"... 'Submissions to determine values are of two kinds--first, where the valuers are to examine the property and fix the value in accordance with their own opinion or judgment; second, where they are to afford the parties a hearing, and an opportunity to offer evidence, and are to adjudge the value upon a consideration of the evidence, as well as their own opinion. In cases of the first class, it is usually held that the agreement is not properly a submission to arbitration and is not subject to the rules which govern arbitrators. ...' " We believe that the court properly construed the agreement in the instant case as falling within the second class. We believe also that when the agreement provided that "In the event of any dispute as to such value 'Inventory Value,' the matter of such dispute shall be referred to arbitration," it meant exactly what it said and implied, that the arbitrator or arbitrators should hold such hearings as were necessary in order to reach a decision.

[2a] For as stated by this court in Downer Corp. v. Union Paving Co., 146 Cal. App. 2d 708, at page 711 [304 P.2d 756]:

"It should be noted that it is now well established '... by the adoption of the 1927 statute, the Legislature intended to adopt a comprehensive all-inclusive statutory scheme applicable to all written agreements to arbitrate, and that in such cases the doctrines applicable to a common law arbitration were abolished.' (Crofoot v. Blair Holdings Corp., 119 Cal. App. 2d 156 [260 P.2d 156].) This same question was discussed in 38 California Law Review 799. The author notes that while the common law may be applicable to oral contracts, he suggests that it is not applicable to agreements in writing. The writer further states that no special language is required but that the arbitration clause should provide that parties agree to accept the award as final and binding. 'It is reasonable that parties who voluntarily agree in writing to arbitrate should be bound by the statute and should not as an afterthought be permitted to escape from their contract through the portals of the common law.' (38 Cal.L.Rev., p. 809.) Thus, in Snyder v. Superior Court, 24 Cal. App. 2d 263 [74 P.2d 782], it was agreed that in the event of a dispute between the parties, such dispute would be submitted to a named arbitrator [166 Cal. App. 2d 152] 'for determination.' This court there held that to submit a dispute for determination is a tacit agreement to abide by that agreement. For as was there noted, there would be no reason to submit the dispute to an arbitrator other than for determination. Hence it necessarily follows that while the paragraph in question could probably have been drafted with more precision, there can be little question but that as the trial court found, the words 'any matter arising therefrom' relate back to the word 'Agreement,' and that thereby the arbitrators were authorized to decide any question concerning the joint venture agreements or arising therefrom, as well as the interpretation of the agreements; and that by the words, 'the decision of any two arbitrators shall be binding upon both parties,' the parties agreed to accept the award as final and binding on them. In this regard the court specifically found that in using the quoted phrases, it was the intent of the parties that any dispute arising under the agreements should be determined by arbitration, and that all of the matters and disputes which were submitted to and determined by the board of arbitrators arose out of said agreements and the performance thereof. ..."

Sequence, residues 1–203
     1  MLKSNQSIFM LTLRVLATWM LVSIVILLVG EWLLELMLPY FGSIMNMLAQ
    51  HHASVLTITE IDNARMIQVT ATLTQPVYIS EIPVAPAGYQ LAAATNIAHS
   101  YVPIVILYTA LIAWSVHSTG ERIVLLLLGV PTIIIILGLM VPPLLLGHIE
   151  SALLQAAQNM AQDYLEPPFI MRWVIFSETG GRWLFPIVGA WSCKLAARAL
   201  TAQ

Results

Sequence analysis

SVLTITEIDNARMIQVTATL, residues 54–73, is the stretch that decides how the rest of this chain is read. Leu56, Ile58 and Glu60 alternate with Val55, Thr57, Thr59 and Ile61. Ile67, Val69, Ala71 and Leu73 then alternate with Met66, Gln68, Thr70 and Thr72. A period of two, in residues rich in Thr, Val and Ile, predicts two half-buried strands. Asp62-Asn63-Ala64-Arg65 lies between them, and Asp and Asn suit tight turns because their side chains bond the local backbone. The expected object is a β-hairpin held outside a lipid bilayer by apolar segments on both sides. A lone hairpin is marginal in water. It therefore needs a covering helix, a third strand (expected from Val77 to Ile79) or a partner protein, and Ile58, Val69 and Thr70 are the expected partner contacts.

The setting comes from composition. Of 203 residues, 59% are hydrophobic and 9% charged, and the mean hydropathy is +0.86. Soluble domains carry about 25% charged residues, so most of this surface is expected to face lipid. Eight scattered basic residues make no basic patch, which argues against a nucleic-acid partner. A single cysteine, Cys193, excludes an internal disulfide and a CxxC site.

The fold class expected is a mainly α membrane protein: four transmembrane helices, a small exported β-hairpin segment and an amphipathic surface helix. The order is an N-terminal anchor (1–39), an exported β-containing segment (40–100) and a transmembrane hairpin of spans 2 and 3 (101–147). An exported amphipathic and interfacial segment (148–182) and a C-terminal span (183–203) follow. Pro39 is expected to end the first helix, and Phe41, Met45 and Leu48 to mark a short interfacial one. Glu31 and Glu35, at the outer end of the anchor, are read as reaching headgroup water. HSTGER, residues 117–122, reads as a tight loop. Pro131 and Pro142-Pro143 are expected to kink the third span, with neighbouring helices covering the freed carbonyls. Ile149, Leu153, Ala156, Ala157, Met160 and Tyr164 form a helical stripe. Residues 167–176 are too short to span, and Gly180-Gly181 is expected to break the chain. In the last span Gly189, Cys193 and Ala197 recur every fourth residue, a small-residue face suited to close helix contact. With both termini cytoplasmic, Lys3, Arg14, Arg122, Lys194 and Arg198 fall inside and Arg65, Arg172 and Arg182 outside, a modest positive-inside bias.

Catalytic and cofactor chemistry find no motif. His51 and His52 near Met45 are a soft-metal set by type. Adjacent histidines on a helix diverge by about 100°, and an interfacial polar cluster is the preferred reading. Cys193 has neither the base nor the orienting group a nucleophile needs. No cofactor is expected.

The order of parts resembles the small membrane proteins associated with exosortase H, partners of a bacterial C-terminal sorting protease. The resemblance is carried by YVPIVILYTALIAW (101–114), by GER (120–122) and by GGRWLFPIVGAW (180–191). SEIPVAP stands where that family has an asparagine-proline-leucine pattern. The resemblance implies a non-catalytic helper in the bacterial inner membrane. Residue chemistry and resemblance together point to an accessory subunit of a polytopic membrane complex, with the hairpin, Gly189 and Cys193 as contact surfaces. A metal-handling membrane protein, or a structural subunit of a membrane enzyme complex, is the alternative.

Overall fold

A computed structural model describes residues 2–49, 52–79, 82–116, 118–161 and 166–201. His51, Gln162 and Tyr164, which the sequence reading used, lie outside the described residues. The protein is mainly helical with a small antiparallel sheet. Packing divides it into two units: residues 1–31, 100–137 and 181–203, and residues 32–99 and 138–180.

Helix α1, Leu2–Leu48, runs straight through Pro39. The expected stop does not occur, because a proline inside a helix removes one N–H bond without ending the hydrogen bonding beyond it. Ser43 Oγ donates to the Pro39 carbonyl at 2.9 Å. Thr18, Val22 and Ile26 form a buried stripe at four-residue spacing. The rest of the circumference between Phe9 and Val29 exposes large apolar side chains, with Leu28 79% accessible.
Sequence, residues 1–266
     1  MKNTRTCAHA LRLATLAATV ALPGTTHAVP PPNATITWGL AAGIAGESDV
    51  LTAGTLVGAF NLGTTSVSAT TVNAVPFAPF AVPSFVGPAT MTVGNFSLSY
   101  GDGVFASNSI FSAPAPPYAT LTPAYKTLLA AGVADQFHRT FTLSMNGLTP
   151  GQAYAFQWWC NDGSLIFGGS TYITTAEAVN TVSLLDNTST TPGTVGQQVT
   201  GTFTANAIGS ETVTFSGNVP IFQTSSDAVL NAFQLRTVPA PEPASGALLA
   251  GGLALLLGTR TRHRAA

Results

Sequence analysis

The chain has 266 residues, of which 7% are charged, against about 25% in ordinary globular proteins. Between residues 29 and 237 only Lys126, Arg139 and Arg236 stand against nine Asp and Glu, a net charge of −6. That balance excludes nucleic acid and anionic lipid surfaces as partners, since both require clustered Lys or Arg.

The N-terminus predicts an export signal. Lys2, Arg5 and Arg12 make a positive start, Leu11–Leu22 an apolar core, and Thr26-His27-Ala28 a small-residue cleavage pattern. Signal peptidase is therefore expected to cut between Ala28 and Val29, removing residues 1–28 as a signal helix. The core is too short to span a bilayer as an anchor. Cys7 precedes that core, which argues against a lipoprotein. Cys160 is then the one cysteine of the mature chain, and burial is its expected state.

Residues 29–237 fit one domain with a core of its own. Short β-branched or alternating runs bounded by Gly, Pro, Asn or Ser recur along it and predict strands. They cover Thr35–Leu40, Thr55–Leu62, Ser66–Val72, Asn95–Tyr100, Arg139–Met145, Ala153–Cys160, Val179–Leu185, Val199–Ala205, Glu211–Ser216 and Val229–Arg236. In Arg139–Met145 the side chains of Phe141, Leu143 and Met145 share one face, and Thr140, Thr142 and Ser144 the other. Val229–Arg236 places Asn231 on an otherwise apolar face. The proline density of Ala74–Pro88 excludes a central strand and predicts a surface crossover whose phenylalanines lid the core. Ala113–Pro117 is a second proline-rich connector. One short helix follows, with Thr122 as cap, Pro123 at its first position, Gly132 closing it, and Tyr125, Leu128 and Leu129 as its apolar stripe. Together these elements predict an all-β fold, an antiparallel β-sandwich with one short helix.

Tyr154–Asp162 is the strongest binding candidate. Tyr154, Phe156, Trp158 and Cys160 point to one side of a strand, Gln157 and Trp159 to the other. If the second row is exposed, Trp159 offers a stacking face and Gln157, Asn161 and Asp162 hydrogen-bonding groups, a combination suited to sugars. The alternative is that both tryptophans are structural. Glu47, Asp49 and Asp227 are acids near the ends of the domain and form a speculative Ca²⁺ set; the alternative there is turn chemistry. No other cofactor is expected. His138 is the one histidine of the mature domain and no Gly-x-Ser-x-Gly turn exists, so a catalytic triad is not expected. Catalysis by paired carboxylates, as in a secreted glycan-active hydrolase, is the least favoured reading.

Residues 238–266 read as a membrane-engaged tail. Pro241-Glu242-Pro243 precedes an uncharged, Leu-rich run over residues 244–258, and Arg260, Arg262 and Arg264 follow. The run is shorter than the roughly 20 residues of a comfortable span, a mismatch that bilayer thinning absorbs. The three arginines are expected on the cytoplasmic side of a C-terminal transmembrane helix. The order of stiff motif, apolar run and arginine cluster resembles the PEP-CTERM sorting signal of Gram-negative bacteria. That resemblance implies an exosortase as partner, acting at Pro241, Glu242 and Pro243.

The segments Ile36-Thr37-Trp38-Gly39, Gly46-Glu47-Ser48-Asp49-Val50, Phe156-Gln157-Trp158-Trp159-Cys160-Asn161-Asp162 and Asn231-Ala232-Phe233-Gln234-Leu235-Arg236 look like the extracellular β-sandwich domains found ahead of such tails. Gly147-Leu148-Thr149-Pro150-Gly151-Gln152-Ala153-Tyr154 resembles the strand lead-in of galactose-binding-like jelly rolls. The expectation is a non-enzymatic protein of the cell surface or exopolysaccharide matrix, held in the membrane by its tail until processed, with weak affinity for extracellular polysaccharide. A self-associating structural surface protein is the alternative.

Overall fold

[3] Appellant also contends that the arbitration clause could only be invoked if proper books of account and statement of affairs had been kept. It is alleged, and apparently not denied, that this was not done.

The court in its order of submission to arbitrator stated that:

"The said arbitrator shall settle by arbitration the book value of the properties of the partnership the subject matter of said agreement as of the date of death of Andrea Daniele Oneto on January 21, 1957, as determined by the books of said partnership, if any there be, 'plus or minus a reasonable amount or value allowing for inflation or deflation' as set forth in paragraph 12 of said Partnership Agreement. * * *

"The said arbitrator shall set a time and place of hearing convenient to himself and the parties and shall subpoena such witnesses and take such testimony under oath as appears reasonably necessary to him in order to carry out the purposes of this Order and the intention of the parties under said agreement ..."